Houston-based Valencia Group is quietly building its collection of boutique hotels throughout Texas. This fall, the company will open the 223-room luxury Hotel Alessandra in downtown Houston. Last fall, the company debuted its second court concept hotel in College Station, Texas, where the 141-room Calvary Court anchors the 60-acre mixed-use development Century Square. The company has five additional properties open. Here, EVP John Keeling tells HOTEL MANAGEMENT why Texas is still hot for hotel development and where Valencia Group is headed in the future.
How has the talk of building a border wall affected your Texas business?
Mexico is not a major demand generator for us. The only property that has significant Mexico business is our San Antonio property, and it hasn’t felt any real downturn there. We have met with the head of Houston tourism to discuss how the talk of the wall and the overall attitude toward Mexico is making Mexicans fell less welcome in the U.S. and more reticent to come here. That’s already happening. In Houston, that most severely affects the properties around the Galleria and the Texas Medical Center because two of the primary reasons that Mexicans come to Houston are for shopping and healthcare. Hotels in the Energy Corridor don’t feel the impact and when our newest property, the Hotel Alessandra, opens in October, it will benefit from corporate demand downtown because of its proximity to the convention center. There could also be some demand from Mexican travelers, but it’s not a material part of our business.
What inspired the Valencia Group’s new “court” concept?
We felt we ought to be finding roadside motels and converting them to cool, hip boutique properties. But most of these properties were located on old U.S. highways, bypassed by interstates and in poor parts of town. The rooms were small, the ceilings low and the bathrooms tiny. The bones of these old motels were not consistent with the expectations of our customers. We felt we needed to build a product with large rooms, high ceilings and great bathrooms. We also looked at the motor-court model that was U-shaped with cars parked in front of guestrooms and, since we wanted to put rocking chairs in front of the rooms and we didn’t want guests looking at the bumper of a car, we moved the parking lot outside and closed the circle.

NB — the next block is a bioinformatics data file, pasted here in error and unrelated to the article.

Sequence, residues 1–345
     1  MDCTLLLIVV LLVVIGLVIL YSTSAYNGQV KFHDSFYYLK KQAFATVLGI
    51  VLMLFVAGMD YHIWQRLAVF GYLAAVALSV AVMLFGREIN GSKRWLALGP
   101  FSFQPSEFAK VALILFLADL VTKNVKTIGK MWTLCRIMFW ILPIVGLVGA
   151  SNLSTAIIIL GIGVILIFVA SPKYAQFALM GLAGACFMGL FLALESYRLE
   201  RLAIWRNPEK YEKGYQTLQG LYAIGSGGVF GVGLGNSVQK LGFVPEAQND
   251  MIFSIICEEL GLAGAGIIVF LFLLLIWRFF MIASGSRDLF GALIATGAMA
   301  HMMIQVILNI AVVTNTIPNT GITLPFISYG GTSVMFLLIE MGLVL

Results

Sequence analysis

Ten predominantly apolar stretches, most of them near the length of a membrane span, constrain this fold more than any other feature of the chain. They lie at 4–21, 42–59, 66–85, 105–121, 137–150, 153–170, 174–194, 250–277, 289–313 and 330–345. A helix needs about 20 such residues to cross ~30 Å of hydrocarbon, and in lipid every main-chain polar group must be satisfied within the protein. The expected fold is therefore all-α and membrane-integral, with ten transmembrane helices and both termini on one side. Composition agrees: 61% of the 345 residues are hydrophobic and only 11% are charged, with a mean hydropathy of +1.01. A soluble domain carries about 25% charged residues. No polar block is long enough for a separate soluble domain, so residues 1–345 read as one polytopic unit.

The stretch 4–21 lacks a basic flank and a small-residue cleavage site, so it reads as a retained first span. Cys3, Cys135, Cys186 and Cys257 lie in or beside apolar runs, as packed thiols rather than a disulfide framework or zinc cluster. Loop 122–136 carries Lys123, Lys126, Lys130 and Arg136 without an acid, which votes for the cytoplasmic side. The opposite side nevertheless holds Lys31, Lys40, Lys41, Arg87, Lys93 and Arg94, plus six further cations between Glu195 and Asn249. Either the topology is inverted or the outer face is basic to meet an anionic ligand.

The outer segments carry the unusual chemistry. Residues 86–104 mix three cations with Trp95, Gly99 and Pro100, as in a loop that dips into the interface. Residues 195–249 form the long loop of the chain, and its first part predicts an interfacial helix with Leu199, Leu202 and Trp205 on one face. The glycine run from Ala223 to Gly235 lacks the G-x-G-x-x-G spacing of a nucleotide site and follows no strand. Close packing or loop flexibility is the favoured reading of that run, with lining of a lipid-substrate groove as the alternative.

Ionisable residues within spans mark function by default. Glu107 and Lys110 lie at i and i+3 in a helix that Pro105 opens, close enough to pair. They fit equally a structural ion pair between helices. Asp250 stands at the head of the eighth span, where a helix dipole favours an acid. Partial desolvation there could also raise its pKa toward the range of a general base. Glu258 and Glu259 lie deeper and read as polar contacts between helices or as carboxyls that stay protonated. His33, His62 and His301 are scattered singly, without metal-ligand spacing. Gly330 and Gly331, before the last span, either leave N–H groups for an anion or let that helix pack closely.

So our court hotels are upper-upscale, full-service properties that take their DNA from the motor courts of Route 66, but the rooms are 390 square feet and creature comforts aren’t spared. It’s still like stepping back in time, though. We call the concept an adaptive reuse of historic buildings that don’t exist. People will come to our court hotels and ask if we’ve renovated an old building and we consider this to be a compliment.
The bulk of Valencia Group’s properties are located in Texas. Do you want to continue to grow in the state?
Part of our strategic plan is to own Texas and to have the best hotel in every market of consequence in the state. Our court concept is well suited to markets like Lubbock and College Station where we couldn’t afford to build our Sorella and Valencia products and yet, the court concept can still be the best hotel in the market. We want A locations and we want to be able to influence the design. We’re not planning to push the Hotel Alessandra concept as aggressively as our other concepts. Our guests are seeking an upper-upscale or luxury experience and they’re basing their booking decision on the anticipated experience of the hotel, not on price or reward points.
Is expansion outside of Texas a priority?
We’re not a public company and we don’t have funds that have an expiration date and so we are in no rush to build. We’re very picky. If you look at our brand standards, we only do A locations where you step out of the hotel and there are shops and entertainment right outside the door. Our guests don’t need a car when they stay with us. So far, every one of our hotels meets this criteria and our future hotels will, too. We’ve looked at hotels all over the country—in New York, Chicago, Miami, Nashville, Charleston, Savannah—to no avail.
We won’t overpay for a project because we want it to be profitable and if we can’t find the site that we want, we’ll pass on the market. We would like to be in gateway cities, but it’s not always favorable for us. But we do well in secondary and tertiary cities. Expanding our footprint across the country will primarily be opportunistic and in partnership with a local developer or as part of a joint venture. We like real estate and we like to own real estate and if we can’t own, we like to be an investor.